“(The northern Indianapolis suburbs) have pursued excellence in a way that’s remarkable, and we are admiring that every day that we drive through, whether it’s Noblesville, Fishers, Carmel or Zionsville,” Doden said. “But we also know that we need that same excellence in all 92 counties.”

Suzanne Crouch. (Photo by Ann Marie Shambaugh)

Suzanne Crouch: Not playing it safe

Crouch, who has served as the state’s lieutenant governor since 2017, pointed out that no party has held the state’s top office for more than 20 years since World War II, but she believes she is the candidate to change that (Indiana has had a Republican governor since 2005).

She said her political experience, which includes state auditor, state representative and Vanderburgh County auditor, combined with a willingness to make tough decisions set her apart from her opponents.

“When I’m governor, I’m not going to sit in an office for four years playing it safe so I can get reelected,” she said. “I’m running for governor to boldly lead Indiana into the future. And we’re going to start by eliminating Indiana’s individual income tax.”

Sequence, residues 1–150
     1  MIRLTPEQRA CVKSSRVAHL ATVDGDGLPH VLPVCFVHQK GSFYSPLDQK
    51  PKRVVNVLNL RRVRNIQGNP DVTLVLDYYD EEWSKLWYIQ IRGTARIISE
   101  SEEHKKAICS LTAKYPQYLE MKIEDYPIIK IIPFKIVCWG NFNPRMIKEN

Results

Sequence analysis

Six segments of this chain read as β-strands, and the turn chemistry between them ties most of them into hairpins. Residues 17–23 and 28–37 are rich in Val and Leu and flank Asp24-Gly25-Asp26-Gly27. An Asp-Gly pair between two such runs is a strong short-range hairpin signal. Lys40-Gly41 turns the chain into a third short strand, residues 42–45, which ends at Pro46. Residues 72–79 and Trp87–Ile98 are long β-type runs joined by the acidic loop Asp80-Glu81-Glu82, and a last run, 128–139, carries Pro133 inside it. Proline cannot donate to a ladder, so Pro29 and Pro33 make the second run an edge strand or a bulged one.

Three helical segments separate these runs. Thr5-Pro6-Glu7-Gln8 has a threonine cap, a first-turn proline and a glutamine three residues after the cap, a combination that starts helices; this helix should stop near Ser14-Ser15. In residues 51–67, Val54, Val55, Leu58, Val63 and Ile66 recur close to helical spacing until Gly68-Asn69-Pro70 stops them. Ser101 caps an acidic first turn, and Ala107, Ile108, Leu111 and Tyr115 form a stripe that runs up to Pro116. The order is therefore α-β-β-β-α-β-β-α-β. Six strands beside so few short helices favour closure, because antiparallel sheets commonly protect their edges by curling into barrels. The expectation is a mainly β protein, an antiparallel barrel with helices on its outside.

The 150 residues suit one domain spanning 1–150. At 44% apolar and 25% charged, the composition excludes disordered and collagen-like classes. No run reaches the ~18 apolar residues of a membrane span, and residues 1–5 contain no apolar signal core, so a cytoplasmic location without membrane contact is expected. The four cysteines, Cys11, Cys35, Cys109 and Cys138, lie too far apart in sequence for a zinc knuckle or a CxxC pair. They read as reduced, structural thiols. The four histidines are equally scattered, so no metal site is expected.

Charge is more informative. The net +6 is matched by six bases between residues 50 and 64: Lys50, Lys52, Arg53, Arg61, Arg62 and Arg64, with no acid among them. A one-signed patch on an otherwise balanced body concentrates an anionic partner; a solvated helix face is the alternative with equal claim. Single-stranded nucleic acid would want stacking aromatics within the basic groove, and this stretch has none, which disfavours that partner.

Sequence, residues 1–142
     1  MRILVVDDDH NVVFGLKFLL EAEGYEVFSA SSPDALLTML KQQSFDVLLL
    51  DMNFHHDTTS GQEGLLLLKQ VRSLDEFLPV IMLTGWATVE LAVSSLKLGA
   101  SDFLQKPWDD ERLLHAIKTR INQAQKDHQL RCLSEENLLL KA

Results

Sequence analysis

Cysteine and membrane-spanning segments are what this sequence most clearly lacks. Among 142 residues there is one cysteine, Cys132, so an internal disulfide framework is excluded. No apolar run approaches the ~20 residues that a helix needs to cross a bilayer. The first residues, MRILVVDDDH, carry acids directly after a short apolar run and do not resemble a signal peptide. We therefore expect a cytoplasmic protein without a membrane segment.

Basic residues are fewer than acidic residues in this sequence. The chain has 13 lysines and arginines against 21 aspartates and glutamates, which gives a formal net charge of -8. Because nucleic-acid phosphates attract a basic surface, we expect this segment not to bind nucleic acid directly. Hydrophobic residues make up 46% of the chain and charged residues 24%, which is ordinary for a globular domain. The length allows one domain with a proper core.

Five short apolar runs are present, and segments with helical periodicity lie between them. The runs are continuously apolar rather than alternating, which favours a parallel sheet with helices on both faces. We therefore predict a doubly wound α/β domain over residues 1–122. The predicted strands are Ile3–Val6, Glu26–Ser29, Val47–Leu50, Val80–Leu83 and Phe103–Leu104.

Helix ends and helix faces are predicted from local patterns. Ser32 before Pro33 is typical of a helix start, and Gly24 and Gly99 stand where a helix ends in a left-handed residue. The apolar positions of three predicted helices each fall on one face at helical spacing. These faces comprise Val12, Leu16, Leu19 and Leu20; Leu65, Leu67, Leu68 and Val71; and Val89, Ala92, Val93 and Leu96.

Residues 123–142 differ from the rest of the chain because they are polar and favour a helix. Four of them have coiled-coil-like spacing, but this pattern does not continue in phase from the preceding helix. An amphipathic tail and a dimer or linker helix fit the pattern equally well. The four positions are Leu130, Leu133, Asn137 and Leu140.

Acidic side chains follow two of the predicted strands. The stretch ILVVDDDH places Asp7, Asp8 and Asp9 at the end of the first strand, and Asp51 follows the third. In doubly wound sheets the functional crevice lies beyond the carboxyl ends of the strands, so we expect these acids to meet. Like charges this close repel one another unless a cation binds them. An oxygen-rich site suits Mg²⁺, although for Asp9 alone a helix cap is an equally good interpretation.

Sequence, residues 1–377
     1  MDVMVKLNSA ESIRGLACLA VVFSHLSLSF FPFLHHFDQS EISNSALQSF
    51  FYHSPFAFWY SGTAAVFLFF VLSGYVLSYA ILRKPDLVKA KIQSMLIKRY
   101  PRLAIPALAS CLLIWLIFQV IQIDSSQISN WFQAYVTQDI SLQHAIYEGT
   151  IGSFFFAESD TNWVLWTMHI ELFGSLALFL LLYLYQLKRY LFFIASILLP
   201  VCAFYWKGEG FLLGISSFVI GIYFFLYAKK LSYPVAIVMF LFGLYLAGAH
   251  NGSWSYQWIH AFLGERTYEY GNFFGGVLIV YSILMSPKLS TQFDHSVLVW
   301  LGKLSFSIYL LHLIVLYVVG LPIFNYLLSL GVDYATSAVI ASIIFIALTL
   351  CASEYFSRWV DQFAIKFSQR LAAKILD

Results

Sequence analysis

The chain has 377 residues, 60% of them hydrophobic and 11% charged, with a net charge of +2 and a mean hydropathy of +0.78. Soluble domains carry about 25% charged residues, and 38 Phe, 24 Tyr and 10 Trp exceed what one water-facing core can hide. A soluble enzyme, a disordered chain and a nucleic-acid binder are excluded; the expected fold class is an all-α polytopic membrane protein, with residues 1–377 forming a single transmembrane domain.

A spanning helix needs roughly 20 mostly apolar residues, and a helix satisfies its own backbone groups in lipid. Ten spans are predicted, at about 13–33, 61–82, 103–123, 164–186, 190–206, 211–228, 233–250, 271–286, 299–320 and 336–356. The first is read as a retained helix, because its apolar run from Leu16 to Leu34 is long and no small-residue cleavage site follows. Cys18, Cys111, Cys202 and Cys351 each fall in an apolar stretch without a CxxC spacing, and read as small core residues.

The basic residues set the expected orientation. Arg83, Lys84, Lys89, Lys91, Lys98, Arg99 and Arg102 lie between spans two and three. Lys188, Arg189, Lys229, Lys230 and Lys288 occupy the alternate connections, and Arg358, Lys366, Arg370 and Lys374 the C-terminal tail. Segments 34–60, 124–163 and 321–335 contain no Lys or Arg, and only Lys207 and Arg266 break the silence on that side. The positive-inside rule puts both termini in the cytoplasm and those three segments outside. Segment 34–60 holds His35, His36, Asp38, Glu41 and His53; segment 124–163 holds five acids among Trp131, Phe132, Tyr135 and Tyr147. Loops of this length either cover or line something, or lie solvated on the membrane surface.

Crouch, a native of Evansville, also said she will protect conservative values by ensuring parents have control over what is taught to their children, prosecuting criminals and drug dealers who are in the U.S. illegally and working to ensure the government spends within its means.

Brad Chambers. (Photo by Ann Marie Shambaugh)

Brad Chambers: Continue ‘unprecedented’ economic progress

Chambers, who resigned as Indiana’s secretary of commerce in July shortly before announcing his gubernatorial campaign, hasn’t run for elected office before. The self-described “political outsider” said he would be a governor who “thinks differently” and would “move with urgency” in growing the economy.